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Why Don’t More People Pursue Therapy?

Tens of millions of people in the United States would benefit from going to therapy, but only a fraction of these people actually attend regular sessions. In other words, millions of people are failing to realize their true potential – and may be living unhappier lives because of it.

Rian Mcconnell
May 29, 20239143 Shares142866 Views
Tens of millions of people in the United States would benefit from going to therapy, but only a fraction of these people actually attend regular sessions. In other words, millions of people are failing to realize their true potential – and may be living unhappier lives because of it.
What stops people from pursuing therapy and how can we overcome these obstacles?

The Most Common Reasons People Avoid Therapy

These are some of the most common reasons why people avoid going to therapy:
  • Financial concerns. The first reason is a somewhat understandable one, though there are plenty of workarounds. Some people don't want to go to therapy because they perceive it as too expensive or out of their budget. It's true that therapy can be expensive, especially if you don't have insurance or a lucrative income. But these days, most health insurance policies do offer mental health service coverage, and it's not hard to find a therapist that takes your particular type of insurance. For example, if you have Aetna insurance coverage, you can find anAetna therapistand get access to therapy sessions for a reasonable price. If you don't have health insurance coverage, or if you're financially struggling, you may qualify for a discount; be sure to ask your therapist about payment options and financial incentives that may enable you to attend therapy regularly.
  • Diagnosis anxieties. Some people are afraid of going to therapy because they're afraid of what they might find out. Often, these fears are unnecessarily exaggerated. For example, if you're afraid you might be diagnosed as a psychopath, you probably aren't a psychopath, as most psychopaths wouldn't be concerned with their diagnosis (and also, modern therapists don’t use the term “psychopath” anymore). Additionally, it's important to remember that receiving a diagnosis is an important step on the journey to recovery and a healthy, flourishing life. While some mental health diagnoses can carry some lifetime implications, better understanding your own mental health is never a bad thing.
  • =Misunderstanding of therapy. Reluctance to attend therapy may also be attributable to a fundamental misunderstanding of what therapy is. Therapy is widely depicted in pop culture, in our films, television series, and books. It's not always depicted in a healthy, accurate way. Similarly, if a person has had no exposure to a real therapy session, they may have a very distorted sense of what therapy is like. If you believe therapy is combative, unhelpful, or otherwise severely unpleasant, you'll never want to attend a session. However, many of these feelings are rooted in misconceptions; therapy is a peaceful, nonjudgmental environment in which people can get help for their mental health needs.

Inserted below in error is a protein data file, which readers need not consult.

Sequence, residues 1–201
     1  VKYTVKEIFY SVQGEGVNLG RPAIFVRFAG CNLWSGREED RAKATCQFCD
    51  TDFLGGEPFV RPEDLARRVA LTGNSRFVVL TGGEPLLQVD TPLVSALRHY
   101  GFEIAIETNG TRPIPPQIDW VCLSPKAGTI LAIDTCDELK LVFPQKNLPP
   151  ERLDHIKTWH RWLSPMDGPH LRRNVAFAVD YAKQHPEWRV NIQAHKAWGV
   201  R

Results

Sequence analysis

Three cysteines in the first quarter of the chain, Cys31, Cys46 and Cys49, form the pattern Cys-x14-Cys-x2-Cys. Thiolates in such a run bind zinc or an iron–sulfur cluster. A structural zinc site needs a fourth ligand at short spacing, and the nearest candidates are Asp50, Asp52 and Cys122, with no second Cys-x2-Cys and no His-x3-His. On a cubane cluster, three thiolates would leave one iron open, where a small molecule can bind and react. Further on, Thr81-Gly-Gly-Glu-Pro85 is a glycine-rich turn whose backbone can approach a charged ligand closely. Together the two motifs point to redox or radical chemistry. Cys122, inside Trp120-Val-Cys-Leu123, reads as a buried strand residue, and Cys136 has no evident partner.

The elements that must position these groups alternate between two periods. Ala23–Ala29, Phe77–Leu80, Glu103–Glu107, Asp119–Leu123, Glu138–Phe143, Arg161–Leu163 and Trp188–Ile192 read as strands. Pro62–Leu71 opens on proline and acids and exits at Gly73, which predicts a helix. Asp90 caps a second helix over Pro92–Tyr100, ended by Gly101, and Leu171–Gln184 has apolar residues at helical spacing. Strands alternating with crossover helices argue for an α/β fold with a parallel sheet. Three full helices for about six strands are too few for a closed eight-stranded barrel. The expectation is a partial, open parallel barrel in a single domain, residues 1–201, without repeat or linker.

• Susceptibility to social stigma. Unfortunately, there are stillmany types of stigmas against people suffering from mental illnesses– and even people seeking mental health support. If you feel a sense of shame for needing therapy, or if you're afraid of what your friends and family members might think of you if you go to therapy, you'll automatically be less likely to attend. It's important to remember that your therapy session is confidential, and there are ways to attend therapy without the other people in your life knowing about it. Even if they do find out about it, there's absolutely nothing to be ashamed about when pursuing better mental health, better relationships, and a better overall life.
  • Fear of hospitalization, judgment, or failure. People sometimes get stuck on worst-case scenarios when it comes to evaluating therapy as an option. If you're afraid that you might be hospitalized, negatively judged, or categorized as a failure because of your participation in therapy, you might be less likely to attend.
  • Reluctance to open up. Some people aren’t emotionally open, despite the fact that emotional openness is one of the most importantfoundational aspects of healthy relationships. If you understand that therapy is an opportunity to talk about your deepest feelings and your darkest memories, you might be extremely reluctant to move forward. Perhaps ironically, therapy can be one of the greatest tools for nurturing emotional openness – so it can be a solution to the very problem it presents here.
  • Anecdotes of dissatisfied patients. You may also be reluctant to go to therapy because of hearing anecdotes of dissatisfied patients. For example, if you have a close friend who attended therapy regularly and hated every session, you might walk away with a negative outlook. It's valuable to remember that therapy is a bit different for everyone, and if you don't find a great therapist right away, you can always switch to a different therapist later.

The Bottom Line

There are many reasons why people choose not to pursue therapy, and while these feelings are always valid and worth exploring, they're not always rooted in logic or facts. It’s important to view therapy as objectively as possible – and attend a session or two if you’ve never tried it before. You might be surprised to learn just how beneficial it can be.
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